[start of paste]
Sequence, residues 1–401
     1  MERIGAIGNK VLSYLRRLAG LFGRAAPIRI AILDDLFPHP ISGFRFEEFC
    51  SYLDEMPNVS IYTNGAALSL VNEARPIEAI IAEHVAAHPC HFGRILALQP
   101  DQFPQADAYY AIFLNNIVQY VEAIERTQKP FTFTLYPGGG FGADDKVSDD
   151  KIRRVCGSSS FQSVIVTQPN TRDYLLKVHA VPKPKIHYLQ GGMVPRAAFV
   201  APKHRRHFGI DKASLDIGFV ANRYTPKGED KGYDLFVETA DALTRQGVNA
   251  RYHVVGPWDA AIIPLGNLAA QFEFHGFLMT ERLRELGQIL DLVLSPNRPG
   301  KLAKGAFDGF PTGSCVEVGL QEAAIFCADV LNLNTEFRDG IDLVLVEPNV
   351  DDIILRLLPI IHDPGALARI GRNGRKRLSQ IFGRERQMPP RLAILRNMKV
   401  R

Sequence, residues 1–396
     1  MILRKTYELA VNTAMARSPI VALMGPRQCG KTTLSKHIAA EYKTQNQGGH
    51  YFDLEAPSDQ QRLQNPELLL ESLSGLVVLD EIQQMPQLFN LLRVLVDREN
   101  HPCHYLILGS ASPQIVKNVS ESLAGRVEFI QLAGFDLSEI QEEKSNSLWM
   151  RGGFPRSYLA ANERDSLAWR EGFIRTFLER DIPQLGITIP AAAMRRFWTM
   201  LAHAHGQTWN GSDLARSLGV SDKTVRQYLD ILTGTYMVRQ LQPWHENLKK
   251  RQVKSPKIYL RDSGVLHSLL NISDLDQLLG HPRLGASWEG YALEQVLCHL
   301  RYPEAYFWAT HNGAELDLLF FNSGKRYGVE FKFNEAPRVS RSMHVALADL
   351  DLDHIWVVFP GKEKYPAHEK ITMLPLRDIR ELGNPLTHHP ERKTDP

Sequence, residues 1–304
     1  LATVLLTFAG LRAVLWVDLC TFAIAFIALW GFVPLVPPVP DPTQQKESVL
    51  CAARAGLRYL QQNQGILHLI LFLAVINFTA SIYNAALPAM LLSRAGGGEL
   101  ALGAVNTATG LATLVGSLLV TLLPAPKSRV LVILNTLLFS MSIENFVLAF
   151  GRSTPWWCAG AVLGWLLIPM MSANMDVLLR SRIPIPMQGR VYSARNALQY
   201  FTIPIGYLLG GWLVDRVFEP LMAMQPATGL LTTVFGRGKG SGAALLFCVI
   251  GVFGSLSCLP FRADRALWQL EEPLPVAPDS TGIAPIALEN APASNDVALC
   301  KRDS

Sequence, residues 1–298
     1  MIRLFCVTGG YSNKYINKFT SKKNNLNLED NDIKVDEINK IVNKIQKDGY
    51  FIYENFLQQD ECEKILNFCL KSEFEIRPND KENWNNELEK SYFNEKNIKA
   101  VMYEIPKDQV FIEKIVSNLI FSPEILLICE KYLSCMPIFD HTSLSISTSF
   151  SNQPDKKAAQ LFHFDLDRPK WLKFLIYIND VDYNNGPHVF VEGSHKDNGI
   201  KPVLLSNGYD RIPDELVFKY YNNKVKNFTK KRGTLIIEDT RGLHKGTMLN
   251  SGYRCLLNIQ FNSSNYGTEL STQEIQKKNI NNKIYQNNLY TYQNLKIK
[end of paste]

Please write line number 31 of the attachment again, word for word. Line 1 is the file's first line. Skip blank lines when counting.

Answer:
   101  VMYEIPKDQV FIEKIVSNLI FSPEILLICE KYLSCMPIFD HTSLSISTSF